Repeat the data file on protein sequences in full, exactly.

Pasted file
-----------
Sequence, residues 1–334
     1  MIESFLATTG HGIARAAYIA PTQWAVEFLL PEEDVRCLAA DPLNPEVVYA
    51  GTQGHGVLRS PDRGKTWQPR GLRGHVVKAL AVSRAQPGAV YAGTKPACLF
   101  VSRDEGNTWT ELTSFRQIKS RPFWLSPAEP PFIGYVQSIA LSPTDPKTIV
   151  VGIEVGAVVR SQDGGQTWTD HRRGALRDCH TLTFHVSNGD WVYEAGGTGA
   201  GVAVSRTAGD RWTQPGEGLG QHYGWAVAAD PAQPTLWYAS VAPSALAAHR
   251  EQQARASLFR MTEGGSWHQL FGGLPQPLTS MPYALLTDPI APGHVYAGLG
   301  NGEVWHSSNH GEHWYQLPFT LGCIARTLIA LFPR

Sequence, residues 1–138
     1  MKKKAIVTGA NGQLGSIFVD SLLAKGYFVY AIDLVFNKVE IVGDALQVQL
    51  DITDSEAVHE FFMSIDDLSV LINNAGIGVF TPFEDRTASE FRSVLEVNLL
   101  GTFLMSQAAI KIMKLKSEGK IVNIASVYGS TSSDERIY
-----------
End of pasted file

Sequence, residues 1–334
     1  MIESFLATTG HGIARAAYIA PTQWAVEFLL PEEDVRCLAA DPLNPEVVYA
    51  GTQGHGVLRS PDRGKTWQPR GLRGHVVKAL AVSRAQPGAV YAGTKPACLF
   101  VSRDEGNTWT ELTSFRQIKS RPFWLSPAEP PFIGYVQSIA LSPTDPKTIV
   151  VGIEVGAVVR SQDGGQTWTD HRRGALRDCH TLTFHVSNGD WVYEAGGTGA
   201  GVAVSRTAGD RWTQPGEGLG QHYGWAVAAD PAQPTLWYAS VAPSALAAHR
   251  EQQARASLFR MTEGGSWHQL FGGLPQPLTS MPYALLTDPI APGHVYAGLG
   301  NGEVWHSSNH GEHWYQLPFT LGCIARTLIA LFPR

Sequence, residues 1–138
     1  MKKKAIVTGA NGQLGSIFVD SLLAKGYFVY AIDLVFNKVE IVGDALQVQL
    51  DITDSEAVHE FFMSIDDLSV LINNAGIGVF TPFEDRTASE FRSVLEVNLL
   101  GTFLMSQAAI KIMKLKSEGK IVNIASVYGS TSSDERIY